The social costs of gambling far outweigh the perceived financial benefits.
The Illinois General Assembly is again considering a number of different bills that will expand gambling in our state — all in an effort to raise “easy” revenue to close an enormous budget hole created (in part) by irresponsible spending and a failure to plan for economic downturns. One current proposal would even create a government owned casino in Chicago.
TAKE ACTION: Please CLICK HERE to contact Governor Patrick Quinn, your State Representative and State Senator to ask them to vote AGAINST more gambling in Illinois.
SB 1298 — Internet Gambling on Horse Racing — Sponsored by Senator Terry Link (D-Lake Bluff). This legislation would expand gambling to the Internet and allow bets to be placed from any location via a telephone-type device or any other electronic means.
SB 1654 — Lottery sales on the Internet — Sponsored by Senator Don Harmon (D-Oak Park). This legislation would expand gambling in every home and office with a computer 24 hours a day, 7 days a week. Anyone 18 years of age or older could gamble from a cell phone/BlackBerry.
HB 91 — Gambling & Casino Expansion — Sponsored by Rep. Lou Lang (D-Chicago). This legislation will create more gambling spots in the state — including slot machines at race tracks, 4 more casinos, a land-based casino in Chicago, and more positions at existing casinos.
HB 833 — Lottery Vending Machines at Rest Areas — Sponsored by Rep. Mike Boland (D-Moline). HB 833 could entice young people to gamble by the easy access to unmonitored, Lottery gambling machines.
HB 1328 — Lottery Scratch-Off Ticket for State Parks — Sponsored by Rep. Mike Boland (D-Moline). Another special Lottery ticket to provide revenue to State Parks and Historic Sites. Voters approved the Lottery for education and it has failed our children miserably.
HB 2522 — Free Alcoholic Drinks at Riverboat Casinos — Sponsored by Sen. Patrick Verschoore (D-Rock Island). Illinois casinos are located in densely populated areas. Giving free alcohol to gamblers will impact public safety when local people drive home impaired. Drinking alcohol lessens inhibitions, impairs a person’s ability to think clearly, and makes people more likely to take chances when gambling.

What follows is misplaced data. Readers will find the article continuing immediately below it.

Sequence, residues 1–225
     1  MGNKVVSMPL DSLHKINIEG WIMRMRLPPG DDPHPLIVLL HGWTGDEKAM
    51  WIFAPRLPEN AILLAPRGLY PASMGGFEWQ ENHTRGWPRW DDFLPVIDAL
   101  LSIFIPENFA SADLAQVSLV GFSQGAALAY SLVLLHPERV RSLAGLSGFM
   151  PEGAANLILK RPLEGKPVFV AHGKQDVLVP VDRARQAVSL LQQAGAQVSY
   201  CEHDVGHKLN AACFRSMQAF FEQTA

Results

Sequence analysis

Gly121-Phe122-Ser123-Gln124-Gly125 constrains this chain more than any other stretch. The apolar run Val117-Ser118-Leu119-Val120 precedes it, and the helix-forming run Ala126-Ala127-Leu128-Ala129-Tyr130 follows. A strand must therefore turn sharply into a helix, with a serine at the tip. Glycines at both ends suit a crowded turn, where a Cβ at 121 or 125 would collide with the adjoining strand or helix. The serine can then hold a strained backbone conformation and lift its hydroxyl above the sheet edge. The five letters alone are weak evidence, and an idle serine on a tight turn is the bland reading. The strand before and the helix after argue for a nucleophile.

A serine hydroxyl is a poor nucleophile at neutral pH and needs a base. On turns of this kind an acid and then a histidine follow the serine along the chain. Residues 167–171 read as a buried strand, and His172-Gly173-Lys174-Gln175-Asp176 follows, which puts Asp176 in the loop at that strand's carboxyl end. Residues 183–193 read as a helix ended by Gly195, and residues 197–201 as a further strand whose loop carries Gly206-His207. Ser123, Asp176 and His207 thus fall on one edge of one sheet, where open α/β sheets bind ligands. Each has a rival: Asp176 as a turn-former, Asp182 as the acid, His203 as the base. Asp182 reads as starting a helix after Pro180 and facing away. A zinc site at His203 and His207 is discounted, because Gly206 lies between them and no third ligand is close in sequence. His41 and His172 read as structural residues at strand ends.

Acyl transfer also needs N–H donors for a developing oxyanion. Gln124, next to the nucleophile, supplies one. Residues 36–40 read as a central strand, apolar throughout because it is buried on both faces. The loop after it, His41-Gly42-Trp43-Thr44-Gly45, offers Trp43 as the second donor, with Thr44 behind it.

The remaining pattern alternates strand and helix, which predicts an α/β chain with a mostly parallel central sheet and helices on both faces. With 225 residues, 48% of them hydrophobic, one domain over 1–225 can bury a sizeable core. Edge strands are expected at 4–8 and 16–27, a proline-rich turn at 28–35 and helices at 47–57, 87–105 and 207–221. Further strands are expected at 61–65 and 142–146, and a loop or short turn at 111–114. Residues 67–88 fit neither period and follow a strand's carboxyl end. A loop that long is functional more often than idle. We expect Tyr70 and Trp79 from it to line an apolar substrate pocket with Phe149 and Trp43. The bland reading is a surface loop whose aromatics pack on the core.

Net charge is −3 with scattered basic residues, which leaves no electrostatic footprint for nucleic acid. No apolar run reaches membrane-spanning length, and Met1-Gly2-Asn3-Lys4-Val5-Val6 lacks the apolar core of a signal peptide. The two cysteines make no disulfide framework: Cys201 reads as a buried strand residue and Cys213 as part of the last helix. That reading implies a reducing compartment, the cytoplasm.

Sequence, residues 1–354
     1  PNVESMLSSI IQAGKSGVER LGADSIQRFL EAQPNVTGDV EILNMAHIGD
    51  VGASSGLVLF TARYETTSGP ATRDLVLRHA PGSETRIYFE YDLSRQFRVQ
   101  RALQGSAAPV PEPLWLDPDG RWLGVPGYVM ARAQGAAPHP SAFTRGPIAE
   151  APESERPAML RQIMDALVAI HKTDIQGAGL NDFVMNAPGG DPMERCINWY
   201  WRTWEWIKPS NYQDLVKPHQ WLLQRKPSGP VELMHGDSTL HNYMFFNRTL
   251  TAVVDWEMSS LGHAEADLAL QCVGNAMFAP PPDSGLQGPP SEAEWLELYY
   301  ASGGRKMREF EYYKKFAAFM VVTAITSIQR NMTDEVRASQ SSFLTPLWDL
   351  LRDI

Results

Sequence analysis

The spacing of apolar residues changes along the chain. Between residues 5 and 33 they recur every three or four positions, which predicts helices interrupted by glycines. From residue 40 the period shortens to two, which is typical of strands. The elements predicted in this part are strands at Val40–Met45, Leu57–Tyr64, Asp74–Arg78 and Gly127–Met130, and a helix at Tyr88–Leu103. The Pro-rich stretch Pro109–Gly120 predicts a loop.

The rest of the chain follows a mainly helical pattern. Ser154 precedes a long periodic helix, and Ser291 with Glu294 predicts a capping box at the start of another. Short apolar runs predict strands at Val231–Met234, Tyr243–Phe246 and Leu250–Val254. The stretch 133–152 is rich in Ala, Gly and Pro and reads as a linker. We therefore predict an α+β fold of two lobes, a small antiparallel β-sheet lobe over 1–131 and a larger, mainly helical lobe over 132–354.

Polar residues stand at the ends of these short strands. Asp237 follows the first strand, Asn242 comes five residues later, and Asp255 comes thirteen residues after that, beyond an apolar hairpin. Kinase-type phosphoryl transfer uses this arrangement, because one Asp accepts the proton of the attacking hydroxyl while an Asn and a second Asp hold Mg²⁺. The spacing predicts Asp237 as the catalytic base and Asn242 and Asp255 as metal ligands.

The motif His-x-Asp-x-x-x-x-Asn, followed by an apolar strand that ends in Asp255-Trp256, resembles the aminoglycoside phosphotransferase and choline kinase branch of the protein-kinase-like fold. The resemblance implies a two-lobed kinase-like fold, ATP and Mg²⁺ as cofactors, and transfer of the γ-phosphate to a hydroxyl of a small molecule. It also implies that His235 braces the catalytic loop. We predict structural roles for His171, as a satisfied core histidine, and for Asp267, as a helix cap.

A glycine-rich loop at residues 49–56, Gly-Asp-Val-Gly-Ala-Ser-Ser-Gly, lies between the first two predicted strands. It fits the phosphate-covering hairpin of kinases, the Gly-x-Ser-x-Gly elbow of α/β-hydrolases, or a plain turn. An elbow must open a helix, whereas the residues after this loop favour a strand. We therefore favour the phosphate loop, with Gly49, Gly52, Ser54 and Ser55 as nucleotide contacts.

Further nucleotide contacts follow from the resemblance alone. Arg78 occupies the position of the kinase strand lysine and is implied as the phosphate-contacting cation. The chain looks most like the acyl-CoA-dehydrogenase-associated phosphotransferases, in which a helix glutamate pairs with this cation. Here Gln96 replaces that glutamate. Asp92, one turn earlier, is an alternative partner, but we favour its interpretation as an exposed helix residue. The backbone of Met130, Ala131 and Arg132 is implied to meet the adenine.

The problems with gambling are not just with those who lose financially — that’s obvious — but the wider community also loses as gamblers engage in destructive behavior: they commit crimes, run up large debts, damage relationships with family and friends, and commit suicide at rates alarmingly higher than the rest of society. Consider these points:
- A recent Wall Street Journal article reports that 2008 has proven that the gambling industry is not recession proof as once thought. The article about the push in many states to legalize or expand gambling says the rush to do either of those is short-sighted. Several state lotteries have reported significant drops in sales, while gambling revenue in the key markets of Las Vegas and Atlantic City has plummeted.
“Just saying, ‘Oh, we need money to fill a budget hole, let’s legalize gambling’ — that doesn’t seem very farsighted to me,” saidDavid G. Schwartz, director of the Center for Gaming Research at the University of Nevada at Las Vegas.
Suzii Paynter, who directs the public-policy arm of the Baptist General Convention of Texas, dismissed rosy projections of gambling revenue as “billionitis.” She argues that casinos wouldn’t so much bring in new dollars as cannibalize revenue from more-wholesome attractions, such as amusement parks, campgrounds and professional sports.
Source: States Give Gambling a Closer Look (Wall Street Journal)
- A study conducted by Oregon State University and the University of Washington took the novel approach of testing wastewater for traces of methamphetamines. Researchers took samples from 10 unnamed cities and found those with casinos showed five times more drug use. (Read more HERE.)
- According to the 1999 National Gambling Impact Study Commission Report, (June 1999, pp. 7-27), individuals with gambling problems are disproportionately represented among the homeless. A survey of homeless service providers in Chicago found that 33 percent considered gambling a contributing factor in the homelessness of people in their program.
Casinos are no economic panacea — even in Illinois’ big cities. It would actually add to the homeless problem, bring increases in crime, suicide, domestic abuse, and alcohol abuse while creating broken families and new addictions.
It cannot be overstated — the social costs of gambling far outweigh the perceived financial benefits.